Studies on which EFSA based its controversial assessment that glyphosate was “not carcinogenic” are hidden from view

The European Food Safety Authority (EFSA) has proposed a “secure reading room” for access to secret industry studies on glyphosate.

The “reading room” approach for allowing people access to these studies has been mooted before by industry. It is no more acceptable now than it was then.

The main problem with this type of access, which forbids copies of documents or of even of pages being removed from the room, is that it does not allow independent scientists to re-analyze the industry data in order to check whether the conclusions drawn are sound.

EU Food Safety Authority proposes “secure reading room” for access to controversial glyphosate studies

The Greens/European Free Alliance in the European Parliament, 1 June 2016

The EU's Food Safety Authority, in charge of reviewing whether or not to approve glyphosate – a herbicide used for example in Monsanto's Roundup products – has responded to a freedom of information request made by 4 Greens/EFA MEPs by proposing that access to the controversial studies may be provided via a secure “reading room”, a set-up now being used for Members' access to TTIP and Tax-justice related documents.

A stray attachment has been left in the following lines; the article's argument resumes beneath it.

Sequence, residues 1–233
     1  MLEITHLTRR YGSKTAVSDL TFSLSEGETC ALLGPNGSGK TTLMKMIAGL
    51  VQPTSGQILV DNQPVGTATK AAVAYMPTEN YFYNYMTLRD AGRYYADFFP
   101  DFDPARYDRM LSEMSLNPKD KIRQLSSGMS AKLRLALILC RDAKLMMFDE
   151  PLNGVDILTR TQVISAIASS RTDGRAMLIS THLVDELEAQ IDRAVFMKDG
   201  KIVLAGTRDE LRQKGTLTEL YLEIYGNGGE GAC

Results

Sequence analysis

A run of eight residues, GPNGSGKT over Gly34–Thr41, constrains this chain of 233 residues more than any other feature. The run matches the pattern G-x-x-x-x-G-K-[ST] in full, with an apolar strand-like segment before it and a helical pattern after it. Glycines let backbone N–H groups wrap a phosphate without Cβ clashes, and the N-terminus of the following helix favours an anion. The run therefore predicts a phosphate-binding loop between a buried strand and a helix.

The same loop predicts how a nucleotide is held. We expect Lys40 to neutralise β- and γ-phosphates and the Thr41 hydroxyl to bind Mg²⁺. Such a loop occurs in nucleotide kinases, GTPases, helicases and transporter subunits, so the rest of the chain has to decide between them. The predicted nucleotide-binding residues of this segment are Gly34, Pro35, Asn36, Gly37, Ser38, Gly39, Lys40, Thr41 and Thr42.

What makes this reading room different is that it was proposed in response to a public access to documents request, thereby making in unclear whether access to the reading room would be only for the 4 MEPs in question, or for the whole European public, as the public access to documents rules would dictate.

The Greens/EFA group is worried that this “reading room” arrangement for sensitive documents is creating a dangerous precedent that can be applied even to documents that are crucial for reviewing the independence and adequacy of EFSA's decision-making and product/chemical approval process. MEP Heidi Hautala, who has fought several access to documents cases before the European Court of Justice, highlighted that “this culture of radically limited transparency, whereby MEPs can only access a secret room without their phones, laptops and sometimes even pens or paper, should only be applied in extreme cases, and should not be used in response to public access to documents requests”.

The studies on which EFSA based its controversial assessment that glyphosate was “not carcinogenic”, which contradicted the WHO's assessment that it was “probably carcinogenic”, have to date been hidden from view. The MEPs requested all 182 studies on which EFSA's assessment was based, and the response received so far (past the deadline) says that 100 of these studies are already public, and 82 are not. MEPs were provided with a list of the studies and the authors, but no copies of any studies themselves.

In addition, EFSA has argued that it will take them a very long time to process the request, and even though this is not a final response to our request, they have already stated that they do not see an overriding public interest in obtaining the studies - citing the need to protect the “commercial interests” of the private companies that funded and worked on the studies as an overriding factor. They also claim that they must consult with each and every company.